I love to cook just for me.
Not normal at all, I know, but when my husband is away for the night, I often turn on the Coltrane, Krall, Ray Charles, mix a cocktail and improvise dinner with whatever is in the house. The other night I had a yen for pasta. Whether using a hand cranker or the electric KitchenAid -roller, making pasta is a lot of fun. You take a little blob of dough and turn it into something ethereal…a magical silk purse from a sow’s ear sort of thing.
After a rummage in the frig, I found a smidge of ricotta left over from last week’s lasagna, goat cheese, a wedge of Parmesan, mozzarella, and a bunch of sage leaves. Of course, it all added up to cheese stuffed ravioli with fried sage and browned butter. I flipped on the music (added Big Night to the mix), lit the fire and had a great time making and eating those tender cheese stuffed bites. The salty/creamy, stuffed ravioli juxtaposed with the browned butter and fried sage is one of my favorite flavor contrasts. I’m not crazy about the taste of raw sage, but when fried to a crisp in butter it morphs into something delish. The bonus is that the butter takes on the flavor of the sage turning it into a nutty, sagey sauce. The dish paired beautifully with a breezy little Sauvignon Blanc from Spain appropriately named Las Brisas.
Every time I roll pasta I’m reminded of the creative time spent with those Playdoh factories we had as children. Oh, the hours spent extruding shapes and molding imprints with brightly colored blue, red, yellow and white Playdoh. And here I am, still having a great time playing with dough. Only now the reward is dinner. For one.
Kitchen Counter Point: It’s definitely no fun for your hard earned ravioli to come undone in the cooking water. That’s why it’s important that you push the air from the inside edge of the filling to the outer edge of the pasta when sealing it. If air remains inside the sealed pasta, it expands when heated and pops open your pasta, so this is a pretty important tip. Also be sure to seal the ravioli, pressing down on the seams to make sure that they don’t come unhinged. I like to use a fork. Finally, cook the ravioli at a gentle boil. That way the force of the bubbles is less likely to burst those little pillows apart.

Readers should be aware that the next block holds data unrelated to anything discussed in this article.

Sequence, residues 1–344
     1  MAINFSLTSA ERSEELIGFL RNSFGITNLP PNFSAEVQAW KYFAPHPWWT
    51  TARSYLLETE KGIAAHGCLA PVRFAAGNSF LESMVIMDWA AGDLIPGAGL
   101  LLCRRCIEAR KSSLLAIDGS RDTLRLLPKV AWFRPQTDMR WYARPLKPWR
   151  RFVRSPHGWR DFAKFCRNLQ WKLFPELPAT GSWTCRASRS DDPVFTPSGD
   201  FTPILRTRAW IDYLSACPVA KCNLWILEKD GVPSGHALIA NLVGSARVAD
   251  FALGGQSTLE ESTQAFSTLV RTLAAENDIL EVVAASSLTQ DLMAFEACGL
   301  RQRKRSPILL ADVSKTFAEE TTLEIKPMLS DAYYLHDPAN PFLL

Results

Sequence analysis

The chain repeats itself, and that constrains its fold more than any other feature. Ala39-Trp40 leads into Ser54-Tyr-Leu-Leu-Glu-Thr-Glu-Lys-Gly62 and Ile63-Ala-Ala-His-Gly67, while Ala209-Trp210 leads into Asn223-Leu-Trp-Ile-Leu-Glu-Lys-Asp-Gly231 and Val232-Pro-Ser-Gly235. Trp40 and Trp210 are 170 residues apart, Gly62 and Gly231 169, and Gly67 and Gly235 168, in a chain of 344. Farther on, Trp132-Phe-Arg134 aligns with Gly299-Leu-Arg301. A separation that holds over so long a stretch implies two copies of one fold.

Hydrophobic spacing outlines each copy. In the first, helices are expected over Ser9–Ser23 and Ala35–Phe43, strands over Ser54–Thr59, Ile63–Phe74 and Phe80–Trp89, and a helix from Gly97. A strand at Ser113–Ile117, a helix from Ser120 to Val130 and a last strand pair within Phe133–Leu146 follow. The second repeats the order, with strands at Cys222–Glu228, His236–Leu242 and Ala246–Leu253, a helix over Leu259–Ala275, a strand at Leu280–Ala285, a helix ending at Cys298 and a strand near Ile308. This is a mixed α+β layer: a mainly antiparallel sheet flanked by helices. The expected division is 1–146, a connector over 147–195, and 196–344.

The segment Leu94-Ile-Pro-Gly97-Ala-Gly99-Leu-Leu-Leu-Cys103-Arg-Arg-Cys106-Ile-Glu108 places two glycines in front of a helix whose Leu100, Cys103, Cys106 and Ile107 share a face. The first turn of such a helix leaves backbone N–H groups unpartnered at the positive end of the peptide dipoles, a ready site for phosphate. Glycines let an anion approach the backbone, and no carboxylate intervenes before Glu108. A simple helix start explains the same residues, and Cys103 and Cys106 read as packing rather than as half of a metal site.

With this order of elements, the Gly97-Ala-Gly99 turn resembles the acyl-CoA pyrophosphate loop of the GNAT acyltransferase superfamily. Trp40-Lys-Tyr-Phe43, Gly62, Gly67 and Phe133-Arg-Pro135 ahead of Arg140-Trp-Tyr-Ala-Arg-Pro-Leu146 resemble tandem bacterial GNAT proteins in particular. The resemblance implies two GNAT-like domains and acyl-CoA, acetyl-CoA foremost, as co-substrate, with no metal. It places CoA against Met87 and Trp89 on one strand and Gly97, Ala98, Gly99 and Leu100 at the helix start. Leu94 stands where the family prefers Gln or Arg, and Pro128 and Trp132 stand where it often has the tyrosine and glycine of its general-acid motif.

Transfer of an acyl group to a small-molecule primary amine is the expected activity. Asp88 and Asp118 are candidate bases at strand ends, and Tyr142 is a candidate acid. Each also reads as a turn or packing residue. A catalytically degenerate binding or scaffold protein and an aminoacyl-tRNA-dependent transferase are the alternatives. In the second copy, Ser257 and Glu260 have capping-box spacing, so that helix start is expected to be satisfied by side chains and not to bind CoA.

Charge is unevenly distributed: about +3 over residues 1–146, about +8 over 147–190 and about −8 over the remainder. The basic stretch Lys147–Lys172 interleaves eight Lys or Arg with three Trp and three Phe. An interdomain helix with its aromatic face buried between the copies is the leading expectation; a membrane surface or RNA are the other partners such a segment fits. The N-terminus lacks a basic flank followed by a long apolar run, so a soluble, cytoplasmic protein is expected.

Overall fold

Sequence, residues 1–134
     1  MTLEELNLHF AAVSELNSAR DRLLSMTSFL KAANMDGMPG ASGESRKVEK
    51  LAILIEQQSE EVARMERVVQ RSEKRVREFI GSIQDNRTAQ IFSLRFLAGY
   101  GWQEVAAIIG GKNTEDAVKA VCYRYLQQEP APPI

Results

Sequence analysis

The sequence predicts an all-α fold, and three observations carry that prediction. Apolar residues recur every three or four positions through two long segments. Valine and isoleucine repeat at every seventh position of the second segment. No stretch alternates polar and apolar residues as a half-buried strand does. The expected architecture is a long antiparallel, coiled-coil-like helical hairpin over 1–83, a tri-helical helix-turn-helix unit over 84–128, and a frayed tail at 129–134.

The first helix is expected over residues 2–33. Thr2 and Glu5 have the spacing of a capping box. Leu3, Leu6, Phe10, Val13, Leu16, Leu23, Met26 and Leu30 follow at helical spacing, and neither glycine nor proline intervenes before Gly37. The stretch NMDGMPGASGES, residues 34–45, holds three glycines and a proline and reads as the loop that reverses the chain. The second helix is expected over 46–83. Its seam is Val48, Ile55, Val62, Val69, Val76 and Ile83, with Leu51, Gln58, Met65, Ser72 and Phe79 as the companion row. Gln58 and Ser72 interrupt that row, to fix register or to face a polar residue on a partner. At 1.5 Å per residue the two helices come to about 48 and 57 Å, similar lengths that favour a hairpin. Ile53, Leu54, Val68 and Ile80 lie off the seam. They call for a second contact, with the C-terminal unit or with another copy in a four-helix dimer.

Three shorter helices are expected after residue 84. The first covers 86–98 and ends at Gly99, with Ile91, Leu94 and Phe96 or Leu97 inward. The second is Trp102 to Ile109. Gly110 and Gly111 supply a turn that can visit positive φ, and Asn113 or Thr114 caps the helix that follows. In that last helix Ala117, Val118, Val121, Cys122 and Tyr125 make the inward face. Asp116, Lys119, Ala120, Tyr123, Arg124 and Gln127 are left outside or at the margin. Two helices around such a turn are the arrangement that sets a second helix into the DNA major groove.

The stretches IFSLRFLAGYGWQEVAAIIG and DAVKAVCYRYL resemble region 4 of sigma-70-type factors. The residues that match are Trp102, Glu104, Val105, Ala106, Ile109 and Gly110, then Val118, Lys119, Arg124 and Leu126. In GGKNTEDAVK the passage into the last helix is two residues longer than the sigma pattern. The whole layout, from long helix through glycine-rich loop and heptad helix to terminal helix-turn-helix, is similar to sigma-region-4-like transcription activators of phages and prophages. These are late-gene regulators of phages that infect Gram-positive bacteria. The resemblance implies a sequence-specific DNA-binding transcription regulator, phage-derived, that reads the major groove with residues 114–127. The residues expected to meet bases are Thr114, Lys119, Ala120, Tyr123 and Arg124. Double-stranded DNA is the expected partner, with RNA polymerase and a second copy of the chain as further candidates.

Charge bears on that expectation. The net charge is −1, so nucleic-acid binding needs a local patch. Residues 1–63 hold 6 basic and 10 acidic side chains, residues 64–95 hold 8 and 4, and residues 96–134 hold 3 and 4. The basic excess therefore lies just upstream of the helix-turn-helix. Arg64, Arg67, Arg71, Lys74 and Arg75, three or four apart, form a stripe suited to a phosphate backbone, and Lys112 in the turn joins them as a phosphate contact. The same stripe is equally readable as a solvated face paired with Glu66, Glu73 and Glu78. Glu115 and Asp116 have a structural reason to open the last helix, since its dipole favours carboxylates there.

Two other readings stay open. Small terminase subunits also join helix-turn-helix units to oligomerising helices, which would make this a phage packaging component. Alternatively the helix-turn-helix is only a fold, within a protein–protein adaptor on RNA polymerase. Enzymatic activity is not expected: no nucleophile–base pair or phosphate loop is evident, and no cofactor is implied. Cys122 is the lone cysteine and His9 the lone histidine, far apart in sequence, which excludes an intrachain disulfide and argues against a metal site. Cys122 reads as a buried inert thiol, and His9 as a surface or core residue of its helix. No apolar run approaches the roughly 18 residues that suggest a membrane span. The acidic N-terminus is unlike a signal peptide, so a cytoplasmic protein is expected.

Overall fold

Serves 1 (plus leftovers for lunch the next day)
Pasta (or use purchased fresh pasta sheets)
Makes about 1-1/4 pound, serves 4-6 (extra can be frozen for another day)
2-3/4 cups all purpose flour, plus more if necessary
4 large eggs
1 teaspoon salt
1/3 cup ricotta cheese
1/4 cup mozzarella cheese, grated
3 tablespoons goat cheese
2 tablespoons Parmesan, grated
1 egg yolk
1 teaspoon fresh chives (if they’ve come up in your garden yet), minced
1 teaspoon parsley (ditto), minced
Pinch freshly ground black pepper
4 tablespoons unsalted butter
6 large sage leaves
Salt and freshly ground black pepper to taste
Extra Parmesan cheese
Place flour and salt in the bowl of a food processor. Add the eggs and pulse several times until clumps of moist dough form. Turn the dough out onto lightly floured work surface. Divide it into 4 piles, gather each into ball and knead until smooth, sprinkling lightly with flour if sticking, about 3 minutes. Wrap in plastic. Let the dough rest at room temperature at least 20 minutes.